Almost every major travel brand has a premium credit card, but not Hyatt. Here’s my proposal for a premium World of Hyatt Credit Card.
Note: At LiveAndLetsFly we try not to pitch credit cards unless there is a supreme value. This post is not a credit card pitch, the product doesn’t even exist at this point. But if you see a card mentioned below that you want to learn more about, there is a link just above this section to see the credit cards we offer through our partner, and signing up for a card may pay us a commission.
The Premium Credit Card Space Is Crowded
Chase, Citi, Capital One, and of course American Express all have premium credit cards with annual fees that range somewhere between $400-800. They almost uniformly offer Priority Pass lounge access, all but Citi have at least one (and growing) airport lounge, they typically offer some sort of travel insurance, and usually a once-every-five-years benefit to offset Global Entry or TSA Pre-check costs. Those products have a lot of cardholders and some of the banks offer variants of the card, like the Morgan Stanley American Express Platinum card.
The travel co-brand versions like the Hilton Honors American Express Aspire Card, the Marriott Bonvoy Brilliant American Express Card, or the Citi Advantage Executive World Elite Mastercard have benefit lists as long as their names. There are more premium cards than I care to name, the space is crowded, and for good reason. Big benefits justify big annual fees for consumers which Chase admitted they operate at a loss. However, these cards create a barrier to entry that applies only to either devout loyalists who have an enthusiastic interest in the brand and are more likely to engage, or they are high earners with great credit scores likely to swipe often (even if they don’t carry a balance.)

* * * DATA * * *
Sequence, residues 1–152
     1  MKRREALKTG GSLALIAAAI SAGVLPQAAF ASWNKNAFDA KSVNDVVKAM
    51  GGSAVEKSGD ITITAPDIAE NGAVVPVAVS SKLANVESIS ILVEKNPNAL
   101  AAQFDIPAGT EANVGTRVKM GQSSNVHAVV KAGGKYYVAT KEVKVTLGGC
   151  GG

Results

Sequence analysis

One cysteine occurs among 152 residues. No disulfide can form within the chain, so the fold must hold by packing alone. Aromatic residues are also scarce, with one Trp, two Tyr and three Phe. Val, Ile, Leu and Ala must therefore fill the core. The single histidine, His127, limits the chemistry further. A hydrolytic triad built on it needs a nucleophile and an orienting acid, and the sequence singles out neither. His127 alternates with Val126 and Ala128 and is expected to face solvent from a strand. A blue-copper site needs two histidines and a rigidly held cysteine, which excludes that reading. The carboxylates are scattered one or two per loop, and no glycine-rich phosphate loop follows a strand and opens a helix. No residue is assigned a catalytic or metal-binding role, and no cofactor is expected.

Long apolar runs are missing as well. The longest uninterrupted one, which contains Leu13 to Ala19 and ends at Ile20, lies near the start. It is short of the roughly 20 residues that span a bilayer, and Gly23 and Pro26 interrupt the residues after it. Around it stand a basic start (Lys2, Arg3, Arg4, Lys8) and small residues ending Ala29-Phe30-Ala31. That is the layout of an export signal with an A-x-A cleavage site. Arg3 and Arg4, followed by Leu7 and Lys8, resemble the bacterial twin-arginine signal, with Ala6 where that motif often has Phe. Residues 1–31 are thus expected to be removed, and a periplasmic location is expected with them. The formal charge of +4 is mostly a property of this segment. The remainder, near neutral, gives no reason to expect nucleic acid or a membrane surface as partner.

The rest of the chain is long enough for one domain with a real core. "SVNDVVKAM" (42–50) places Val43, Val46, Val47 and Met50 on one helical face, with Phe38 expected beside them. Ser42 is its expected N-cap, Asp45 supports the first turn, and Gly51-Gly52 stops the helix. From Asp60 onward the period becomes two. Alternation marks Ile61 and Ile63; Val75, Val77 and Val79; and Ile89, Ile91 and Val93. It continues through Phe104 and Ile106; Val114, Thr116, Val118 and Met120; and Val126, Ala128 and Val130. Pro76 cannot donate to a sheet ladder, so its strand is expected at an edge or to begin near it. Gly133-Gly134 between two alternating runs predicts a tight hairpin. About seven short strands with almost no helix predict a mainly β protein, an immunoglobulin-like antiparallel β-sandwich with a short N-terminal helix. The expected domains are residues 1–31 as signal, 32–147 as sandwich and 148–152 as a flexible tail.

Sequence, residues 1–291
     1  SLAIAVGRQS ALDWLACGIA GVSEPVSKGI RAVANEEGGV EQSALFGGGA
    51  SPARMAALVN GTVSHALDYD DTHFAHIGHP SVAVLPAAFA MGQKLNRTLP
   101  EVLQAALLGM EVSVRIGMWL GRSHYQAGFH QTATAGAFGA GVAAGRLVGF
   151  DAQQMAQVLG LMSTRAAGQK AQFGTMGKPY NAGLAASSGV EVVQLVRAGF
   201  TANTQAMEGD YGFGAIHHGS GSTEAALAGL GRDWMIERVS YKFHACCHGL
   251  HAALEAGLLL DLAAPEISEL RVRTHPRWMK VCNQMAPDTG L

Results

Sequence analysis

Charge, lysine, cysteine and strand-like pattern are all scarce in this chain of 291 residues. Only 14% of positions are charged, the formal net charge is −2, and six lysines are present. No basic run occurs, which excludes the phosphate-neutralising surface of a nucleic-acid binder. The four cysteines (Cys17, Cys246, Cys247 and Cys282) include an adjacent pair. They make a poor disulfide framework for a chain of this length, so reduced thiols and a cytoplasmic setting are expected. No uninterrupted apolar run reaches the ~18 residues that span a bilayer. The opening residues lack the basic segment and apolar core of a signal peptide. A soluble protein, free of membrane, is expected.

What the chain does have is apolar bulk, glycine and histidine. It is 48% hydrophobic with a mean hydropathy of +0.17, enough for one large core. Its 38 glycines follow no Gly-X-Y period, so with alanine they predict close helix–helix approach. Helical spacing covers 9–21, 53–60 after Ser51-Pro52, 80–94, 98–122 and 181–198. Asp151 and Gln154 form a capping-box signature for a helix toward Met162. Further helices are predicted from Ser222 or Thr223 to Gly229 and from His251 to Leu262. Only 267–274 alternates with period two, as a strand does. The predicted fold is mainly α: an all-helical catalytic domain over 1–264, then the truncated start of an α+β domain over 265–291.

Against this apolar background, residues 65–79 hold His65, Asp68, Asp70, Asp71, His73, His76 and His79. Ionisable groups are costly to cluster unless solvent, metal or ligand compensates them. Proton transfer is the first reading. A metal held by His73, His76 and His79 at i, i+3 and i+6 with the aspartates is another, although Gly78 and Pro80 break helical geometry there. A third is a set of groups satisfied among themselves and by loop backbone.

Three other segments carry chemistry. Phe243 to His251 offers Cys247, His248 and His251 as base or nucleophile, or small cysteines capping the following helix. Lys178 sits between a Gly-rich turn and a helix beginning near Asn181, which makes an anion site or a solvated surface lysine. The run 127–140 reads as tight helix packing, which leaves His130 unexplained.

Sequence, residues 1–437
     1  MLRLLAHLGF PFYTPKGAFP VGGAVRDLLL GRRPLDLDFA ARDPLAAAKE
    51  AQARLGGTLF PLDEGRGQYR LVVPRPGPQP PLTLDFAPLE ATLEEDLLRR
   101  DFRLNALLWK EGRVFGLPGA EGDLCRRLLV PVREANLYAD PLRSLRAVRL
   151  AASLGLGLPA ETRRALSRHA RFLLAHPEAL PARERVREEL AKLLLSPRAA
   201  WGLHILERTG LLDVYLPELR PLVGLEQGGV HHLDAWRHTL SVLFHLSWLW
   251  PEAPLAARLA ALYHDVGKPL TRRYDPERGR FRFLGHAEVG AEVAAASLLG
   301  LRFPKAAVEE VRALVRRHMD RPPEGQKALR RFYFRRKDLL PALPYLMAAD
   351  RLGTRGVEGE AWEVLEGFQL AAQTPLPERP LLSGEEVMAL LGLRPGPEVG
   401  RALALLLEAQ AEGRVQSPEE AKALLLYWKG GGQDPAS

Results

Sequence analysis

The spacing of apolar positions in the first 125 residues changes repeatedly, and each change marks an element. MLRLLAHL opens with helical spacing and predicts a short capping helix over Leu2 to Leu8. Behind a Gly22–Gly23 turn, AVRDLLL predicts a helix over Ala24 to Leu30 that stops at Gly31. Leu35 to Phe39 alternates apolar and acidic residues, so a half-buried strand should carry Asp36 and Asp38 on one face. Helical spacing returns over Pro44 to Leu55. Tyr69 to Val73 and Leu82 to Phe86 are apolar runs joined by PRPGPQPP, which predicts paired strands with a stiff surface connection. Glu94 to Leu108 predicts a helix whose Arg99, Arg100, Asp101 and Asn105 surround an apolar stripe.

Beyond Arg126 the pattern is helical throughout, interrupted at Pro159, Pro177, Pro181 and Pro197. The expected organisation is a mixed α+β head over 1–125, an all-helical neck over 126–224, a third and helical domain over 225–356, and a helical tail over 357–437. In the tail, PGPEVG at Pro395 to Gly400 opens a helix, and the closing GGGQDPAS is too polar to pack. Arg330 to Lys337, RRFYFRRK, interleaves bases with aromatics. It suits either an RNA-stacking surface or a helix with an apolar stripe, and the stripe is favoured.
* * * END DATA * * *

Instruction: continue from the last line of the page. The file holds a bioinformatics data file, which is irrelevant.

Despite Chase’s claims that they lost boatloads of money on the Sapphire Reserve, the card has recently increased the sign-up bonus suggesting that they again want the business that it brings.
With more products, brands, and banks participating, it seems clear that not only are premium cards key to gaining customers, but they are also key to retaining customers. Capital One only recently entered the fray with its own version, Venture X. Actions like this suggest to me that while the market is already crowded, banks don’t want to see their high-end customers use another brand’s card for a product they feel they can deliver as well.
The market is crowded at the top, absolutely, but for Hyatt, I would argue there is room for one more. Comparatively, Hyatt has more premium hotels than other hotel chains by percentage, it is a growing chain with new opportunities, and as it grows, its credit options should evolve as well.
(Proposal) The Chase World of Hyatt Globalist Credit Card
I took a stab at the name of this proposed credit card following some of the naming conventions present today. Beyond the excruciating title, words such as “reserve”, “limited”, or “select” might come into play too. Chase has an extensive relationship and opts for Visa products so those two are given.
The card would be a thin metal design along the lines of the Chase Sapphire Reserve credit card with a black and copper coloring similar to their current styling but utilizing the unique advantages of the metallic design to create a weighty, reflective, and sturdy experience.
Reasonable, Competitive Benefits
Here are what I feel would be reasonable, yet competitive benefits the new card should offer:
- Double tier-qualifying night credits – Qualify for Globalist status with just 30 nights as a cardholder. This could also come in the form of Marriott’s quick start approach (and Hyatt’s personal card) by awarding some number of elite qualifying nights perhaps 15, 20, or 30.